Burkina Faso has embarked on a journey to put public data infrastructure at the heart of social and economic development. But what does this mean? And why should ICT and digital data be a priority when a large segment of your population still cannot access to the internet? This is precisely the question that the upcoming World Bank-funded eBurkina project is meant to answer.
Burkina Faso, a low-income landlocked country in West Africa, has the ambition to reform public administration differently. More specifically, the country sees ICT and digital innovation as a key opportunity to accelerate development and meet the objectives of its national development strategy (PNDES). This approach is consistent with the World Development Report 2016 on Digital Dividends, which found that, when used properly and with adequate policy interventions, ICTs can be a powerful tool for social and economic development.
Going digital is seen by the government as an engine of growth and a high-potential sector for the country; therefore, it should come as no surprise that ICT is part of the five key points of the development program set forth by the presidency. Interestingly, Jeune Afrique reported that the incumbent president has also become the African head of state with the fastest growing number of followers on Twitter in 2016.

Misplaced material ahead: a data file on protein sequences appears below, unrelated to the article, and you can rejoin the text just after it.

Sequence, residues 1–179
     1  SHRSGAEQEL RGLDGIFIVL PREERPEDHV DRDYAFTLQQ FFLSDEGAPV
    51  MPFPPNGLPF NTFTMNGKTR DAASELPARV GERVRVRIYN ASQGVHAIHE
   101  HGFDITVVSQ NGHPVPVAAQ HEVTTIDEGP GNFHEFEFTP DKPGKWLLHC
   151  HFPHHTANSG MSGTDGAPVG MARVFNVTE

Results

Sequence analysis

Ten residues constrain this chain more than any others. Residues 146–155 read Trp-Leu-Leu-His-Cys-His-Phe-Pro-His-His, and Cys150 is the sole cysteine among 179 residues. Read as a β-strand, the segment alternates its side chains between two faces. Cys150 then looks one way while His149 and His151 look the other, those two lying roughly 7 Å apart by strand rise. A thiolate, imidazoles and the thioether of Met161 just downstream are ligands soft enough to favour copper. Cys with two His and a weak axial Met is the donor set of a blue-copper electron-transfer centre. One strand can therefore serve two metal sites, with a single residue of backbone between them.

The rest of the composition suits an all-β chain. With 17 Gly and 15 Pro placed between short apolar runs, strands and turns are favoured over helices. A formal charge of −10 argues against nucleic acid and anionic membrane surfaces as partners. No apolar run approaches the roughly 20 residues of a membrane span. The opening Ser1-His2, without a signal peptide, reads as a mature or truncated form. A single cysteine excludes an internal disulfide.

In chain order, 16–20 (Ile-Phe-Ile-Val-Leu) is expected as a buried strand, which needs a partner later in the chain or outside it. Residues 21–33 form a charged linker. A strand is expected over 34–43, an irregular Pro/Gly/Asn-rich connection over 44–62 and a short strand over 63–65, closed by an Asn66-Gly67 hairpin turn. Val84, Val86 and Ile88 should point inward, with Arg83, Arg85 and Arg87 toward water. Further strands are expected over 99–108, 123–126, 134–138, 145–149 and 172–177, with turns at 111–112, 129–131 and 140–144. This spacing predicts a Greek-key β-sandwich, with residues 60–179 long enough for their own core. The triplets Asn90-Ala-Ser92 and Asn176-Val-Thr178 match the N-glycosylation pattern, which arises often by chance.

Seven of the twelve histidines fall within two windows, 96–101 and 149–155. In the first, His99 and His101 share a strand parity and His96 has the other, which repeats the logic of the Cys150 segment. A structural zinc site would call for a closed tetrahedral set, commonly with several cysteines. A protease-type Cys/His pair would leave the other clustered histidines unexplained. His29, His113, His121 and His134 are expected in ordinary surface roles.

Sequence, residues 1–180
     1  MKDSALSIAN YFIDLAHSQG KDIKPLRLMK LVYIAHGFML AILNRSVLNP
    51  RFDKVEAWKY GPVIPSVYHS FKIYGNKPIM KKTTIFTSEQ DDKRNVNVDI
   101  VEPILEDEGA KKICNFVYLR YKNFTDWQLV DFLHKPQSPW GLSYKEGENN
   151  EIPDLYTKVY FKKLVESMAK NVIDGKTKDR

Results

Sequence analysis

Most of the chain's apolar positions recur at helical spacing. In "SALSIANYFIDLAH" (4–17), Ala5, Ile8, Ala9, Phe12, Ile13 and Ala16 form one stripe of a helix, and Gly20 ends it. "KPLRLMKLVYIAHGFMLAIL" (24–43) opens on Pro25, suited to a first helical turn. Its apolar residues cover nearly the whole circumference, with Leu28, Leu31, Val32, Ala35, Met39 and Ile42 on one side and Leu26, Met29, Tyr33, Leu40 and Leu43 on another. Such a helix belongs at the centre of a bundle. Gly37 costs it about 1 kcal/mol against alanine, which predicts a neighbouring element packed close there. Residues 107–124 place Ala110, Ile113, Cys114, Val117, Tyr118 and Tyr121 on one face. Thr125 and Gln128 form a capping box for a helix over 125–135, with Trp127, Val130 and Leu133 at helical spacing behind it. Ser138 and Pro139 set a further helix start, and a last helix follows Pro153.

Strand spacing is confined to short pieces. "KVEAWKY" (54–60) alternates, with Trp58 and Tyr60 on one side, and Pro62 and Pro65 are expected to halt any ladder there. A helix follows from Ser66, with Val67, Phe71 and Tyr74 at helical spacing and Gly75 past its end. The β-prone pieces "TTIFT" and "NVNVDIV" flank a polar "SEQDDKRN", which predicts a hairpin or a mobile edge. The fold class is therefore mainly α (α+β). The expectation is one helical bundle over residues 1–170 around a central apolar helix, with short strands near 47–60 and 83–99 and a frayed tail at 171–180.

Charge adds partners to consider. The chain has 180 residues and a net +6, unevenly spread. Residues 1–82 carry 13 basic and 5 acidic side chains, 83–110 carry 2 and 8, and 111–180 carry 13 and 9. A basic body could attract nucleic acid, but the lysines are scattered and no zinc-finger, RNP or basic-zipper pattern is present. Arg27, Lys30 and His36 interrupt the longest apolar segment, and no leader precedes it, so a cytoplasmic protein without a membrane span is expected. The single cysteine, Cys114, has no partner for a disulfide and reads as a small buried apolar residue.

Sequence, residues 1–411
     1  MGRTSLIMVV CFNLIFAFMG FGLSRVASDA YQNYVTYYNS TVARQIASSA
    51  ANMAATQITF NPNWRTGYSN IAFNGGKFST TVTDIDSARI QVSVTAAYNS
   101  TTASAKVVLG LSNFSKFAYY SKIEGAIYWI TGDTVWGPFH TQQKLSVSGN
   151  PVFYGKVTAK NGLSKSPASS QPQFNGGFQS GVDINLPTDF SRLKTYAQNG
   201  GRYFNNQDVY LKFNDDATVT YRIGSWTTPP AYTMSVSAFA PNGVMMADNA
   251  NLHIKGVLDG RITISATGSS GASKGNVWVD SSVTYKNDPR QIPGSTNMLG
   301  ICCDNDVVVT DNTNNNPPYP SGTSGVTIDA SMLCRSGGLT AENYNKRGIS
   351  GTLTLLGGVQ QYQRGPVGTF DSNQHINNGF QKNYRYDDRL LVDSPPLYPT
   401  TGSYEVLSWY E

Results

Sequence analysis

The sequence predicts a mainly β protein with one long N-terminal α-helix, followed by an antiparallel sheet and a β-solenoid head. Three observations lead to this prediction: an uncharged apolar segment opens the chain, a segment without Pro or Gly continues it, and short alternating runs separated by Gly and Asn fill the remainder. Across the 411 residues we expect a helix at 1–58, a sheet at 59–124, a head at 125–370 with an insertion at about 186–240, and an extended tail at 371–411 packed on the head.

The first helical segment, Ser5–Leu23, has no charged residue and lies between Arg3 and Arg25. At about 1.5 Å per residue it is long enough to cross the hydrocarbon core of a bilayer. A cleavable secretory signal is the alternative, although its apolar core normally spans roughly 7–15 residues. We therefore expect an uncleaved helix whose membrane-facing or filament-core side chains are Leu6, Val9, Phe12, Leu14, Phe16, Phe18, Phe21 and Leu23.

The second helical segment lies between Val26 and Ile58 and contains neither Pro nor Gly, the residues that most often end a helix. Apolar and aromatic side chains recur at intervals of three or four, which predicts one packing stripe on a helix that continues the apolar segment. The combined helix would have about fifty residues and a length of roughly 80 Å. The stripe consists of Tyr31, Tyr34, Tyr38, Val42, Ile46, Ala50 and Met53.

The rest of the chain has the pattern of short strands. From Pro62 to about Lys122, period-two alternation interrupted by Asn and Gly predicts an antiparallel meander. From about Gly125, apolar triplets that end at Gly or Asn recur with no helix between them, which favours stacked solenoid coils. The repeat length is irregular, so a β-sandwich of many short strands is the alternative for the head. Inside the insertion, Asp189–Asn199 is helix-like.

But how exactly does Burkina Faso intend to make this happen? As per the PNDES objectives, going digital will entail connecting all public agencies, schools and health facilities, setting up unique digital ID for each citizen and company, and investing in e-government reforms for greater access to information and better public service delivery. The reforms also focus on investing in the local digital industry, especially by financing learning programs, [tech] incubators and research and development programs, in collaboration with private sector and development partners.
Commitment to digital development is not new for Burkina Faso. As early as 2004, the country started hosting the national “Internet Week” and the international forum for ICT best practices sharing--a must-go for policy makers in the sector. In 2013 the World Bank provided technical assistance to Burkina’s Open Data efforts launching the Burkina Faso Open Data Initiative (BODI) and resulting in the creation of a vibrant open data ecosystem and development community in the country. Following the lead of other Africans countries who have made ICTs a critical pillar of national development strategy – such as Rwanda, Kenya, Tanzania, and Ghana – Burkina Faso is now positioning itself in the growing cohort of countries that are combining new technologies to traditional development policies in ways that are relevant and transformational to their own context. It is also worth noting that about a year ago, the country successfully transitioned from an interim government to its new government through an open data election process.